What is Social Work? What do Social Workers Do?
According to the National Association of Social Workers (NASW), “the primary mission of the Social Work profession is to enhance human well-being and help meet the needs of all people, with particular attention to the needs and empowerment of people who are vulnerable, oppressed, and living in poverty.” (NASW, www.socialworkers.org/pubs/code/code.asp)
The primary focus of the profession is the well-being of an individual in the social context and society’s well-being. Attention to the environmental forces that create and influence problems for an individual is essential to the practice of social work. Social workers are advocates of social justice and social change. The word “clients” is used to refer to individuals, families, groups, organizations, and communities. People who are social workers are sensitive to diverse backgrounds and strive to end the oppression and discrimination that affect individuals and groups belonging to diverse cultural and ethnic backgrounds. Activities that social workers use to aid clients include direct practice, community organization, supervision, consultation, administration, advocacy, political action, policy development and implementation, education, and research. (NASW)
Careers in Social Work:
|Health Care||Hospitals, Hospices, Nursing Homes, Home Care Agencies, Mental Health Services, Public Health Agencies|
|Child Welfare||Adoption Agencies, Foster-Care Agencies, Child Daycare, Public and Private Child Welfare Organizations|
|Aging/Gerontology||Area Agencies on Aging, Senior Housing Facilities, Hospitals, Senior Volunteer Programs, Nursing Homes|
|Justice/Corrections||Substance Abuse Programs, Local, State, and Federal Government, Prisons, Courts, Treatment Facilities, Victim Services Programs|
|Community Development||Social Action, Work with the Homeless, Battered Women, Persons with AIDS, Hunger Coalitions|
|International Social Work||United Nations, Peace Corps, World Health Organization (part of UN), U.S. Agency for International Development|
|Federal Government Jobs||U.S. Department of Veteran’s Affairs, Federal Prisons, Services to Native Americans, Federal Health Facilities, Administrative Agencies, U.S. Congress, Armed Forces|
What can I expect to earn as a Social Worker?
According to the Bureau of Labor Statistics (www.bls.gov), the median annual income for social workers specializing in child, family, and school settings was $41,530 in 2012. For social workers specializing in medical and healthcare settings, $49,830 was the median annual income in 2012. During the same year, mental health and substance abuse social workers earned a median annual income of $39,880. Social workers in other settings earned a median annual income of $54,560.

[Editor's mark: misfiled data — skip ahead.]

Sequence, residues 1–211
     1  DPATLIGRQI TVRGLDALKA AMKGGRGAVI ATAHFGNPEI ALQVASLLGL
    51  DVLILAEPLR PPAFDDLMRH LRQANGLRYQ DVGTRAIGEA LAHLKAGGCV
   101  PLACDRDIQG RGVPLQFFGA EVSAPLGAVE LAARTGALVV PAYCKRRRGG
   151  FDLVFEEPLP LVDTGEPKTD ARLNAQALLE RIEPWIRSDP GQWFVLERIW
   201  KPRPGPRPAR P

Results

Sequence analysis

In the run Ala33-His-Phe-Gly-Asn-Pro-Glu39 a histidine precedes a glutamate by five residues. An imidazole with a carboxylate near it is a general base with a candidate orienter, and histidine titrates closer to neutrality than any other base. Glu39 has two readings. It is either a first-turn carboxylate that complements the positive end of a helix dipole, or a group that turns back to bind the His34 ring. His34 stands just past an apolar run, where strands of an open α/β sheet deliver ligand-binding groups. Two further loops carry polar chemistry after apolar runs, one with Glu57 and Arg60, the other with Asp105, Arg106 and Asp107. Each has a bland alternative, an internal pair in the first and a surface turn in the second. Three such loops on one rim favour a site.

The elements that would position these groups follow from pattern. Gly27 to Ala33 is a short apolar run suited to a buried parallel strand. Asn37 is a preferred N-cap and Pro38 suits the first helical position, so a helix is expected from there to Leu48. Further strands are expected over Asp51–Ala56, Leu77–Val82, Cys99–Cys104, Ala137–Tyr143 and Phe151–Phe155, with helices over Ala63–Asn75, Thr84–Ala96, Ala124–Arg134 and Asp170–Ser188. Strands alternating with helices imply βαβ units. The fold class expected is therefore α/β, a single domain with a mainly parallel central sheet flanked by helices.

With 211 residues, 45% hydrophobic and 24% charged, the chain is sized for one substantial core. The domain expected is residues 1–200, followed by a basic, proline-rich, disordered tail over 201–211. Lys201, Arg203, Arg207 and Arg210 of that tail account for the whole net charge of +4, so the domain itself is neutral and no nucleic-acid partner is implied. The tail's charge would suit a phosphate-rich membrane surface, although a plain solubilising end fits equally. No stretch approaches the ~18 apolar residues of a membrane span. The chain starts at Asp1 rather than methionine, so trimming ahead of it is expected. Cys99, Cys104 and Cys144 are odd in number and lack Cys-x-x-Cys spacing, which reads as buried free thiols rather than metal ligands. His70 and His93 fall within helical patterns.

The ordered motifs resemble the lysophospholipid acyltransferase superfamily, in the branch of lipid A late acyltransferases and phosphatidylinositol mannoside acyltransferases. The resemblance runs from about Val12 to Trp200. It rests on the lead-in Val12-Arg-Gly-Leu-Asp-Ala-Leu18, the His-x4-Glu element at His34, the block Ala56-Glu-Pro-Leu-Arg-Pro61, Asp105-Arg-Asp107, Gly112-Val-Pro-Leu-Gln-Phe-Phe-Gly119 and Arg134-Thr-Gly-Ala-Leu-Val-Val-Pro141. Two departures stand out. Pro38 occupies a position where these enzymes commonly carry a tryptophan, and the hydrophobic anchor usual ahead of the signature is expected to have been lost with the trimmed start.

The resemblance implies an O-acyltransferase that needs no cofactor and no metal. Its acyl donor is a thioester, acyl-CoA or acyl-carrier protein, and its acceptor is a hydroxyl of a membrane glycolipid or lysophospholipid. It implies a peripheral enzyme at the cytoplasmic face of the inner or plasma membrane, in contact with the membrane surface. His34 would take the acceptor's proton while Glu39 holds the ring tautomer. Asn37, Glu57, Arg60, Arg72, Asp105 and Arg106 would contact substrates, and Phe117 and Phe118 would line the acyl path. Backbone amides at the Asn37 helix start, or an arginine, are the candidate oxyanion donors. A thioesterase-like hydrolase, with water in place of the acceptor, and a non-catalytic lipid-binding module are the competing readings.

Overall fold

What is the job outlook?
The U.S. Bureau of Labor Statistics expects employment will grow 19 percent from 2012 to 2022, faster than the average for all occupations. Employment growth will be driven by increased demand for health care and social services but will vary by specialty. See www.bls.gov/ooh/community-and-social-service/social-workers.htm.
What training and qualifications do I need?
The minimum requirement to practice social work in Alabama is a bachelor’s degree (BSW) in social work from a program accredited by the Council on Social Work Education and licensure. Some positions require a master’s in social work (MSW). Many of these positions are often clinical, in mental health facilities, nursing homes, community-based service organizations, or college and universities.
All states and the District of Columbia require social workers with MSW’s to be licensed in order to practice and use professional titles. Many states are now emphasizing communication skills, professional ethics, and sensitivity to diverse backgrounds. Most states require at least two years of supervised clinical experience before social workers are licensed as clinical social workers.
Last Updated: August 10, 2016